Memory obtained from the heap must be released when it is no longer in use. This can be done by the program block that made the request or by another routine, which is also using that memory location. In the latter case, a mechanism must be present that can detect whether the memory location is still in use. For example, Microsoft’s COM and the embedded component model that is used in the demonstration toolkit use reference counting for this purpose. In Microsoft’s COM this task is accomplished by the clients of the component. In the embedded component model, this is done by the infrastructure. The solution taken in the embedded component model enables the possibility to implement lightweight automated garbage collection for the dynamic instances of this component model.


Parameters can be passed by value or by reference. If a parameter is passed by value, a new placeholder is created automatically and a copy of the value is placed in that location. If a parameter is passed by reference, then only a placeholder for the reference is created and the value of the original asset is not copied. The parameters are placeholders and these places are available for reuse by the routine. This must be avoided or it must be done very carefully, because it can easily create confusion.

When an operation is divided in a trail of methods, the assets that are local to the operation must in general be passed by reference in a parameter from one section of the trail to the next section. However, if the local asset takes less or nearly the same memory space than the reference, then it is considered better to pass the local asset by value.

A routine performs its own fine grain scheduling. This is done by program instructions that perform an execution path selection. Examples of such selectors are if statements, loop controllers, case switches and method calls. The body of a routine contains operators that represent actions that are implemented by the program language. It must be reckoned that even these operators can be interrupted by the thread switcher. The implementation of the language or a special repair task must take care of the corresponding repair action that is necessary when the primary task is stopped.

Resource-restricted real-time

Software tends to use the higher-level descriptors rather than the atomic descriptors. This may present problems when resource-restrictions or other causes of triggers break-up the sequence of state transitions that constitutes the method, which is currently executed. A possible resource restriction may be posed by the accessible processor time. This plays an important role in real-time systems.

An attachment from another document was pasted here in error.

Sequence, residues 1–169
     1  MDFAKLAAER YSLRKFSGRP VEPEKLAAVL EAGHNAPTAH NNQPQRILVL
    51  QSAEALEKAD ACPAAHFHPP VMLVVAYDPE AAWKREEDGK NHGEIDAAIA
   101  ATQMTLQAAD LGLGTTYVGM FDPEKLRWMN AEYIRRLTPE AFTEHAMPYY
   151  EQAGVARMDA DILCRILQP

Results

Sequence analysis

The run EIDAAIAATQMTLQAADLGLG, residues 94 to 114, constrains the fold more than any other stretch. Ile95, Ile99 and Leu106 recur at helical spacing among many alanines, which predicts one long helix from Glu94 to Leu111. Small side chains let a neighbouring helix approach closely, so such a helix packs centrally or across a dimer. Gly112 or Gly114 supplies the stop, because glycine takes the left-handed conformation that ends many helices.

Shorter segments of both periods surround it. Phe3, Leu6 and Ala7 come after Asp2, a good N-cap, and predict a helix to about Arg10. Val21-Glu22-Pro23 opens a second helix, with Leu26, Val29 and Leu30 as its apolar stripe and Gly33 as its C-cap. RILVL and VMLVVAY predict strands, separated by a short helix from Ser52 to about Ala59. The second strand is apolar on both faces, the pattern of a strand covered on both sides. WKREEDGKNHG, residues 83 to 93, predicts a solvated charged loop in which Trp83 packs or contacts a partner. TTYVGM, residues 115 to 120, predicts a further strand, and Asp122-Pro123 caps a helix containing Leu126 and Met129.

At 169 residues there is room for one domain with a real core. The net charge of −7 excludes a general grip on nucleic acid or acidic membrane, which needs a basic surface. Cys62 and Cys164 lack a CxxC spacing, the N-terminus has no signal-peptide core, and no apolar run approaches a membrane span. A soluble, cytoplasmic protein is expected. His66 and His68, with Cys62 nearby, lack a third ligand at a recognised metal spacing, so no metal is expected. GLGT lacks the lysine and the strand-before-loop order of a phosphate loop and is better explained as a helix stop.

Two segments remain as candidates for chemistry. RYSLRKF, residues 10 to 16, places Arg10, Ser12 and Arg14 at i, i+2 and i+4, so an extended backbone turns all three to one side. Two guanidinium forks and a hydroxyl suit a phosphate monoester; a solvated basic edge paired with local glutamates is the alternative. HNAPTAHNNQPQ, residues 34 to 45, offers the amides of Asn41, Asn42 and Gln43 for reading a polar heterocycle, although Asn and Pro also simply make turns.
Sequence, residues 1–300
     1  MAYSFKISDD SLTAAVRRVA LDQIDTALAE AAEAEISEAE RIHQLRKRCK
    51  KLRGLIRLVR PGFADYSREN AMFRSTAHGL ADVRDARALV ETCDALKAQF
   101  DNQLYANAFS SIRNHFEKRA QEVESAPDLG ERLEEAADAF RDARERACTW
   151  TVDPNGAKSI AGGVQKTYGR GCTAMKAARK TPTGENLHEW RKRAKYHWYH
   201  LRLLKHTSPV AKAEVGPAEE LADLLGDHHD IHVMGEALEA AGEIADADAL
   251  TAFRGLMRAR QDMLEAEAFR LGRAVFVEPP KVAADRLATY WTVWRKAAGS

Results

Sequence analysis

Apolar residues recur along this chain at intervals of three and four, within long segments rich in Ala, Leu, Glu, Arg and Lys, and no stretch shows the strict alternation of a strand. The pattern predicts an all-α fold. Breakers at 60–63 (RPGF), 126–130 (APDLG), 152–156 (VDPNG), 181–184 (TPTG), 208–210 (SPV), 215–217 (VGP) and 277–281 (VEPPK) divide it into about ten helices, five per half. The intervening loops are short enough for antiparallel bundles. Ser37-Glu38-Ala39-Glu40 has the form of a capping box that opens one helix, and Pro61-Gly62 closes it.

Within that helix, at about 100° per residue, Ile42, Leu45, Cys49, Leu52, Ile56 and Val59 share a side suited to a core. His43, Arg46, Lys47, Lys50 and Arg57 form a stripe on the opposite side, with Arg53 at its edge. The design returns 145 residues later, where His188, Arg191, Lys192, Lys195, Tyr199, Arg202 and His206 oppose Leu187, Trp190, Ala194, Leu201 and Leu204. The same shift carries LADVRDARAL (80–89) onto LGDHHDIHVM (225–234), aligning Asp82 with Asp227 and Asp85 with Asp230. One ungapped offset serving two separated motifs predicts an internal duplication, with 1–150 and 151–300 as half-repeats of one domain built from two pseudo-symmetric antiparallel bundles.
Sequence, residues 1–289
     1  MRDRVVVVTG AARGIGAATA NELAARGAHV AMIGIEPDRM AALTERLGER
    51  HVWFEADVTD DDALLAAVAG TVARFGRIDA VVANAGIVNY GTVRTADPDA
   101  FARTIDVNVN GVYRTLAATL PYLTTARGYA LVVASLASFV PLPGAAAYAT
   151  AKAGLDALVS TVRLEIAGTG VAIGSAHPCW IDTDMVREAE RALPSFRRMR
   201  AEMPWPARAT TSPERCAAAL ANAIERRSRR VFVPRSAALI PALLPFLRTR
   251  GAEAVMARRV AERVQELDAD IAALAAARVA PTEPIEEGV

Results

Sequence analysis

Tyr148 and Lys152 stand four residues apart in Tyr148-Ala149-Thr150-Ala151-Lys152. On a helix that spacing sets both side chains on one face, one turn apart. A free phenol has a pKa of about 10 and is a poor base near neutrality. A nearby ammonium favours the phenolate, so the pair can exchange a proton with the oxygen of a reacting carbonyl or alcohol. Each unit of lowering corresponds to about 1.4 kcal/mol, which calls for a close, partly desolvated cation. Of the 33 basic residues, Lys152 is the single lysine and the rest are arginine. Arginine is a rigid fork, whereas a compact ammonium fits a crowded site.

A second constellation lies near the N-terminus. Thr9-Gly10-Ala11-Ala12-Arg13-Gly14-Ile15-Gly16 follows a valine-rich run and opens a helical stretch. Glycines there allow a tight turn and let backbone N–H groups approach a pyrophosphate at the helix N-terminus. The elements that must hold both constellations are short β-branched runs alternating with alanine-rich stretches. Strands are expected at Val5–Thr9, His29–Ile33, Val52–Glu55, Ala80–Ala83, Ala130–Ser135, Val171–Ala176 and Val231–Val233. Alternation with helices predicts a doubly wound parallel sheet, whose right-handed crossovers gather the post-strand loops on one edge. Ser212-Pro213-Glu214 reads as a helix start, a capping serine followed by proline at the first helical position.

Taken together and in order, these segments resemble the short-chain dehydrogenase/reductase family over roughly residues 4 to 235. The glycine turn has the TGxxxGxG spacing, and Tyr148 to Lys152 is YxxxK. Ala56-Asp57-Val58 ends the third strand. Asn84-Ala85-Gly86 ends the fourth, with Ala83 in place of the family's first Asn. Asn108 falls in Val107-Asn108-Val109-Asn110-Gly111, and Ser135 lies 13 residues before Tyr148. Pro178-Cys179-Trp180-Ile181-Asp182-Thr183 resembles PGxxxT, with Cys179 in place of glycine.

If during the run of the stopped task a module has claimed resources, without releasing them or when its assets are left with values that are not expected by future clients, then the module is in an unsafe state. This must be compensated by an appropriate repair action.

A system that breaks these rules cannot behave according to the specification. Such systems can never be specified completely. This means that they can never be tested completely. With other words, the behavior of such systems cannot be guaranteed.

The occurrence of unsafe states can be prevented by using programs that avoid the use of static assets or by using critical sections on places where static assets are handled. Critical sections must always be short. On their turn, critical sections can cause faulty behavior, such as deadlocks and race-conditions.


In real-time systems, it is often necessary to be able to disrupt a task at any instance. This would create the unworkable necessity to plan a potential scheduling action at every clock tick. A solution is to start a repair action after stopping the current task. The repair action must set the modules that have been passed by the current task to a safe state. This means, that after repair the modules are left in a state that clients of the module expect when they want to make use of that server.

A method that causes an unsafe state when it is stopped before it ended its normal execution is a vulnerable method. A method that calls a vulnerable method that belongs to the same module is also vulnerable. Every vulnerable method must be accompanied by a repair method. The repair method must belong to the same module as the vulnerable method. If an interface method is vulnerable, then it must be accompanied by an interface method that acts as a repair method. The repair method may reside in another interface than the primary method. A single repair method can compensate a set of vulnerable methods. A repair method that is also an interface method may compensate vulnerable private methods. For example, the base interface contains a reset method that may also include the required cleanup processing. This method may serve as a general repair method. However, bluntly resetting an instance of a component class is not always a tolerated solution. Another way to implement a repair method is to use the same entry point as the primary method and use a Boolean parameter to distinguish between the primary task and the repair task.